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I hope you welcome non-mathematicians here. I am trying to find out how to write the following idea as a math equation, currently it is in computer code but I want to be able to discuss this with some of the math guys at my work and at least start the conversation in their terminology. I will show what I think I know and I will hope to learn from everyone here. Thank you in advance.

I will start by defining the variables involved...

  1. Let b be an integer greater than or equal to 2. I think I write this as: $$\{b\in\Bbb Z\,:\,b\ge 2\}$$

  2. Let c be an integer in the range 1 to (b-1). I think I write this as: $$\{c\in\Bbb Z\,:\,0<c<b\}$$

  3. Finally there is a function of c that will resolve as a real number. I think I write this as: $$ f(c) = \mathbb{R} $$

What I need to do is take a sequence of expressions and multiply all the members of that sequence to produce a single real number. The basic form of each expression can be simplified to: $${f(c) \over b}$$ and then for each value of b an equation using a sequence of expressions is created as follows.

For b = 2 the equation is simply: $$A = \left\{ {f(1) \over b} \right\}$$

For b = 3 the equation is: $$A = \left\{ {f(1) \over b} \times {f(2) \over b} \right\}$$

and so on.

In general the equation would look something like...

For b = n:

$$A = \left\{ {f(1) \over b} \times {f(2) \over b} \times \ldots \times {f(n-1) \over b}\right\}$$

but because of the first case (b = 2) I am not sure how to properly write this.

So, how did I do as far as figuring this out on my own? What did I get wrong and how do I fix it?

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  1. Let b be an integer greater than or equal to 2. I think I write this as: $$\{b\in\Bbb Z\,:\,b\ge 2\}$$

This is the set of all such numbers. You could just write: $$ b \in \mathbb{Z}, b \ge 2. $$ or more like your version $$ b \in \{ b' \in \mathbb{Z} \mid b' \ge 2 \} $$

  1. Let c be an integer in the range 1 to (b-1). I think I write this as: $$\{c\in\Bbb Z\,:\,0<c<b\}$$

Same issue. Just write $$ c \in \{1, 2, \dotsc, b-1 \} $$ or if the dots are not rigorous enough $$ c \in [1, b-1] \cap \mathbb{Z} $$ or $$ c \in \{ c' \in\mathbb{Z} \mid 0 < c'< b \} $$

  1. Finally there is a function of c that will resolve as a real number. I think I write this as: $$ f(c) = \mathbb{R} $$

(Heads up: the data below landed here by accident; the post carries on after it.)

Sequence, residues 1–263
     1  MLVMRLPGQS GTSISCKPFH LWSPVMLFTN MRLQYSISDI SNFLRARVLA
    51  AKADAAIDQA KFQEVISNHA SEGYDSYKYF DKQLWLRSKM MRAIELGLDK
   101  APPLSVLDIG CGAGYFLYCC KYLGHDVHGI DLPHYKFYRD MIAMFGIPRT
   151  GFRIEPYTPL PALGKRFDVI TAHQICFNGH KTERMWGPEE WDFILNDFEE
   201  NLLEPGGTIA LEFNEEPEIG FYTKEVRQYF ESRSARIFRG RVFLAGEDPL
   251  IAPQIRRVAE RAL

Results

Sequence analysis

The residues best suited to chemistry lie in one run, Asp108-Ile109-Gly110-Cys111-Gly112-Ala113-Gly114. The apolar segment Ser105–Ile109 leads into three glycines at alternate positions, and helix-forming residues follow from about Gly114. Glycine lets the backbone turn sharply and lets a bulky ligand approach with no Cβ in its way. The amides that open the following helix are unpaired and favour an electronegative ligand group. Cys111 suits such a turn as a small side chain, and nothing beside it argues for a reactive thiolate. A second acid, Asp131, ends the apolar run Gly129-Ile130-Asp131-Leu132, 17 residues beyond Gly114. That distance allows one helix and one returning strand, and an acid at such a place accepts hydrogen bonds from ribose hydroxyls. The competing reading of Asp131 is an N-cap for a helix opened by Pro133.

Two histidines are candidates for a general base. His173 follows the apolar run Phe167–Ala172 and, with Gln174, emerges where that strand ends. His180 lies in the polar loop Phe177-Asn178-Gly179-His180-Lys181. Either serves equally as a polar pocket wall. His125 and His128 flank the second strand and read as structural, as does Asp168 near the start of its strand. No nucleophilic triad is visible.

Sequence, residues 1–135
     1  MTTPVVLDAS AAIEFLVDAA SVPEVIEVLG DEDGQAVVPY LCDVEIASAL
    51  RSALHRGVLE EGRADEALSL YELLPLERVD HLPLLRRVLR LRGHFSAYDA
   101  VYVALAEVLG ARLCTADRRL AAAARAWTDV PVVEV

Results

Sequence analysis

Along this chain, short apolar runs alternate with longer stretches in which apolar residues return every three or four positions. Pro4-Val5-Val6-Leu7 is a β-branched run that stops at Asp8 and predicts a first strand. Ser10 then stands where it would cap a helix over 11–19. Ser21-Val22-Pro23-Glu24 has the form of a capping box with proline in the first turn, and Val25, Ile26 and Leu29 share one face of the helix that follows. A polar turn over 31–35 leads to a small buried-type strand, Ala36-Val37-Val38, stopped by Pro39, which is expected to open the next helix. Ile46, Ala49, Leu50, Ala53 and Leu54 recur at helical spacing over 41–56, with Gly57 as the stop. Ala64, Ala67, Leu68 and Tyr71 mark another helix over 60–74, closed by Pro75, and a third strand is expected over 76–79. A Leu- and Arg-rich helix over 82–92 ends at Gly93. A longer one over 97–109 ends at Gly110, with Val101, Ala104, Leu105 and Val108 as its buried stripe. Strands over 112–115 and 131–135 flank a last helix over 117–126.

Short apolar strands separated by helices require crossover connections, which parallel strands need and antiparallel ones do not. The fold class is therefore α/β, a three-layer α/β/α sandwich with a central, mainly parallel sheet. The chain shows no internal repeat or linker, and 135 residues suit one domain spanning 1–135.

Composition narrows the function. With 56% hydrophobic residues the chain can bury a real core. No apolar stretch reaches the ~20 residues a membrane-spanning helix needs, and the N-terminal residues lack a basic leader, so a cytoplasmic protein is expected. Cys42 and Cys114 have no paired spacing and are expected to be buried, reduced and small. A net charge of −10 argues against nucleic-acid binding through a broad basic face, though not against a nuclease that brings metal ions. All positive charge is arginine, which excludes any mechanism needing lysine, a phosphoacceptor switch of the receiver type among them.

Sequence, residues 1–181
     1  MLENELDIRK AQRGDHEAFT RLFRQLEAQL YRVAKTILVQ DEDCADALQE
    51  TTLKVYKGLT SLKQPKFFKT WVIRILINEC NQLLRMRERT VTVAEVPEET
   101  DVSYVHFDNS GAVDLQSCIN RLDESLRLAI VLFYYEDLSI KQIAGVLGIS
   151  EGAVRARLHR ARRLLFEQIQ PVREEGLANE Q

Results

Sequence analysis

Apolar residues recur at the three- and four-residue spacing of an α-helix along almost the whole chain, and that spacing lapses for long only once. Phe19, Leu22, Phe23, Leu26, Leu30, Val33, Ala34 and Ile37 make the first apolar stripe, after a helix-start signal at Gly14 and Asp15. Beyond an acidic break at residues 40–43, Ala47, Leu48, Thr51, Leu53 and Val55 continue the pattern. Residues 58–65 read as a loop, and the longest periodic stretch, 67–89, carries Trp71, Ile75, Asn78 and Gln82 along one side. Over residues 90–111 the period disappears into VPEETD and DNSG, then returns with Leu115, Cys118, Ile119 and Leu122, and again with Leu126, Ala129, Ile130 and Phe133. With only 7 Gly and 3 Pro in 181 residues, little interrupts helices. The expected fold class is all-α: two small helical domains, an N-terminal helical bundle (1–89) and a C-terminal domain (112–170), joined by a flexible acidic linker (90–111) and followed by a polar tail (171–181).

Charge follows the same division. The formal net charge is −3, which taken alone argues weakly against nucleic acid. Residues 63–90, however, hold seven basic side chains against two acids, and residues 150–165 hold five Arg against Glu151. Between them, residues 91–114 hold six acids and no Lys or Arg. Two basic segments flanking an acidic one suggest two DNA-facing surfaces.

If you want to give a rough description of $f$, provide its domain and codomain sets: $$ f : A \to \mathbb{R} $$ or $$ f \in \mathbb{R}^A $$ and decide how precise you want to describe your domain set $A$, is it just $\mathbb{N}$ or $\{ c \in \mathbb{Z} \mid 0 < c < b \}$?

If you want only to describe the codomain set of $f$ then $f(c) \in \mathbb{R}$ might be enough.

I am not sure about your sequence, it might be $$ s_b = \prod_{k=2}^b \frac{f(k-1)}{b} $$ then \begin{align} s_2 &= \frac{f(1)}{2} \\ s_3 &= \frac{f(1)}{3}\frac{f(2)}{3} \\ & \vdots \\ s_n &= \frac{f(1)}{n}\frac{f(2)}{n} \dotsb \frac{f(n-1)}{n} \end{align}

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  • $\begingroup$ Wonderful. I will need to do some reading to understand the product notation but it seems similar to sum notation so I think I will grasp it with a little effort. Everything else I am familiar with (though a little wobbly on) from my college algebra classes. On the matter of $f(c)$ my intent here was just to describe the codomain as $\Bbb R$ for simplification of this question, with more formal descriptions being used with different functions of $c$. Thank you mvw. I will go do that reading and come back in a few days to either ask a little more or else accept the answer as given. $\endgroup$ May 20 '18 at 13:42
  • $\begingroup$ There are different ways to express different functions depending on some parameter $c$. E.g. they might form a family of curves. One way is e.g. $f_c(x) = x^2 + c$ another $f(x;c) = x^2 + c$ or simply $f(x,c) = x^2 + 2$. But maybe different functions are very different. It depends a bit on the concrete example. $\endgroup$
    – mvw
    May 20 '18 at 15:21
  • $\begingroup$ I understand. This is part of what I want to talk to the guys at work about, figuring out the best $f(c)$ to get the desired results for the software routine I am developing. Sometimes they can be a bit snobbish because I am not a math guy so I try to show them I am making an effort to work in their world whenever I need their help. It is my way of showing respect for their expertise. $\endgroup$ May 20 '18 at 16:39
  • $\begingroup$ Computer programs can be described at various levels, from real code to pseudo code to a very mathematical modeling in the realm of theoretical computer science. The basic motivation should be to find a common ground such that everyone involved gets it. Hard to give you a good recommendation without knowing more background. You might overdo it the way we discussed it here. :-) $\endgroup$
    – mvw
    May 20 '18 at 16:54
  • $\begingroup$ I appreciate what you are saying mvw, but it would be tricky to go into more detail without exposing some proprietary algorithms involved. That is why I dramatically simplified the sequence expression to a bare bones function and quotient. Frankly I would love to just lay it all out here and get the help of all the SE people both CS and Math. Sure would make my life a lot easier if I could. I do appreciate the help you have given and the candid advice as well. $\endgroup$ May 20 '18 at 20:28

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